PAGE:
Government sees R209bn tax shortfall over three years

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Finance Minister Malusi Gigaba. Picture: Samson Ratswana
Finance Minister Malusi Gigaba. Picture: Samson Ratswana

The government faces a R209 billion shortfall in tax revenues for the three years ending March 2020 relative to what was forecast earlier this year, Finance Minister Malusi Gigaba indicated in fiscal documents released on Wednesday.

Such a big miss on forecast revenue could see the country’s credit rating placed under huge pressure and could lead to further credit ratings downgrades.

In April, S&P Global and Fitch Ratings both cut the country’s ratings to ‘junk’ status.

“The National Treasury has generated three alternate scenarios quantifying some of the risks to the baseline economic forecast. Two scenarios involve downgrades to the local currency debt by global ratings agencies,” the National Treasury said.

“A presidential task team is considering a range of steps to bring the public finances back onto a sustainable path. Announcements will be made at the time of the 2018 Budget.”

Gigaba today delivered his first Medium Term Budgetary Policy Statement (MTBPS) in Parliament and it reflected a bleak state of economic affairs.

See below for Gigaba's full MTBPS speech

Finance Minister Malusi Gigaba presented the Medium Term Budget Policy Statement in Parliament.

“We are giving an honest view of the challenges facing our country. It is not in the public interest, nor is it in the interest of government, to sugarcoat the state of our economy and the challenges we are facing.”

“Over the past five years, despite a declining rate of economic growth, tax revenue continued to grow more rapidly than GDP. This trend came to an abrupt halt towards the end of 2016/17 as South Africa entered a recession.”

“Despite substantial tax increases over the past two years, tax revenue growth has barely exceeded the low rate of economic growth.”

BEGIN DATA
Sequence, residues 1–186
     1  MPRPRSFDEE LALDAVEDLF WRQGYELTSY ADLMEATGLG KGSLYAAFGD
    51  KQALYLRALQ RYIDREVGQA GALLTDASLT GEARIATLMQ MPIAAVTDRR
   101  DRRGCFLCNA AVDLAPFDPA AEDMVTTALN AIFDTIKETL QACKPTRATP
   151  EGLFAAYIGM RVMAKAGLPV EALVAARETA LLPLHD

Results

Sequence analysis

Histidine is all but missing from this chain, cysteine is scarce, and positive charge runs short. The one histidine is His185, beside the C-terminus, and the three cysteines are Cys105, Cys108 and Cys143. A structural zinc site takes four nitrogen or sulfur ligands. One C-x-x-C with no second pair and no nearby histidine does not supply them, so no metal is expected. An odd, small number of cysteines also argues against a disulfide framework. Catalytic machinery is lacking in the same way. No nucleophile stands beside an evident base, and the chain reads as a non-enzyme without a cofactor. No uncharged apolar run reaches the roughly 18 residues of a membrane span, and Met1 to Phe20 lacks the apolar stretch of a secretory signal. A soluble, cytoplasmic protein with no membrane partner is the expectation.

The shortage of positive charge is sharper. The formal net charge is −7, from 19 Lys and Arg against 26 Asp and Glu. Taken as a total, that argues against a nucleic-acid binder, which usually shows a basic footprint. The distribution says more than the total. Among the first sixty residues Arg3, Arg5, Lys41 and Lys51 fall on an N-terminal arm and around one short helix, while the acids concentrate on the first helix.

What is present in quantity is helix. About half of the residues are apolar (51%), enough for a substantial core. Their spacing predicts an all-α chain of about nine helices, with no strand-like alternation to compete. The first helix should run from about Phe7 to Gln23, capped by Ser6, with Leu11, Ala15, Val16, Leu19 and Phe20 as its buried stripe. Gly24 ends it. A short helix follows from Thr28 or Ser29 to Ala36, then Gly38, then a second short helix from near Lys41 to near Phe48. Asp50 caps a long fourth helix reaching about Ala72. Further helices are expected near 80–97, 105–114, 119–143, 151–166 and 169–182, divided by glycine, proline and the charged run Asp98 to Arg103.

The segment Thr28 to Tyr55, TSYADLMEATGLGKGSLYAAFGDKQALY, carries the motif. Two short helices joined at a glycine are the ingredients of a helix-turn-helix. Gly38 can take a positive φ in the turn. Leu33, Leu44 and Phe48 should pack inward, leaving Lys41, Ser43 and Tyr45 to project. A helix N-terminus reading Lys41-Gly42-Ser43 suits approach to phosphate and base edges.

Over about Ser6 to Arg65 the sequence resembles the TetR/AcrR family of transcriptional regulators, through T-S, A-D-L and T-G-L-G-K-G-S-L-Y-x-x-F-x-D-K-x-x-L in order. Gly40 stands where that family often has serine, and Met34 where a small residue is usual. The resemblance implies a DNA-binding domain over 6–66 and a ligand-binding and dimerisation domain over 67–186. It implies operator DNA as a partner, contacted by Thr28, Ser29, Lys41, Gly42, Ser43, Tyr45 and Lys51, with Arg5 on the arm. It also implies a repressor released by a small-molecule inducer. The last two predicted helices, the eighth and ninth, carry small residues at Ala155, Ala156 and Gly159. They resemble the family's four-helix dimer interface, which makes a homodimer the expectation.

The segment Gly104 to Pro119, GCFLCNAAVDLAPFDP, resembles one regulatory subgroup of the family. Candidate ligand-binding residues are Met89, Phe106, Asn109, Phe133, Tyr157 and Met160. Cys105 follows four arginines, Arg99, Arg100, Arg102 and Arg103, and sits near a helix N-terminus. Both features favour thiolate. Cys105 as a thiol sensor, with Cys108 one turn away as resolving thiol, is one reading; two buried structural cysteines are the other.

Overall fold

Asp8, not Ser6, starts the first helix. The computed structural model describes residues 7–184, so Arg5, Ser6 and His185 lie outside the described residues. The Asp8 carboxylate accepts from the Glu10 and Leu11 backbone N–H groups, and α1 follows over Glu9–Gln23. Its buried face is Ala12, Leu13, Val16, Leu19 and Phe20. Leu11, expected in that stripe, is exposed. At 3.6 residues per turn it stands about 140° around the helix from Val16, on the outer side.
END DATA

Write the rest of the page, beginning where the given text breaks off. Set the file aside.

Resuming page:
Local revenue buoyancy appeared to have run its course, the MTBPS document issued today said.

“The National Treasury projects a revenue shortfall of R50.8 billion in 2017/18. Lower revenue this year carries forward, and gross tax revenue is projected to fall short of the 2017 Budget estimates by R69.3 billion in 2018/19 and R89.4 billion in 2019/20,” the document added.

Tax revenue is projected to fall short of the 2017 Budget estimate by R50.8 billion in the current year, the largest under-collection since the 2009 recession. For the year ending March 2017, the government’s tax revenue shortfall was R30 billion when compared with the 2016 Budget Speech.

“All tax instruments are performing poorly, with large shortfalls for personal and corporate income tax, and dividend withholding tax,” the National Treasury said.

As a result of the revenue shortfalls, the government’s consolidated budget deficit for 2017/18 is expected to shoot up to 4.3% of GDP, compared with a 2017 Budget estimate of 3.1%.

The sharp spike in the government budget deficit won’t be well received by investors and rating agencies.

“The main budget deficit, which determines government’s net borrowing requirement, will be 4.7% of GDP this year,” National Treasury said.

The government is forecasting a budget deficit of 3.9% for the fiscal year ended March 2019 compared to 2.8% at the time of the 2017 Budget Speech. The budget deficit for the fiscal year ending March 2020 is expected to stay at 3.9%.

“Over the past four years, government has followed a path of measured fiscal consolidation, aiming to stabilise the debt-to-GDP ratio by reducing spending and introducing tax increase. But debt has continued to rise as a share of GDP as economic growth rates have declined. This year, a sharp deterioration in revenue collection and further downward revisions to economic growth projections have significantly eroded government’s fiscal position.”

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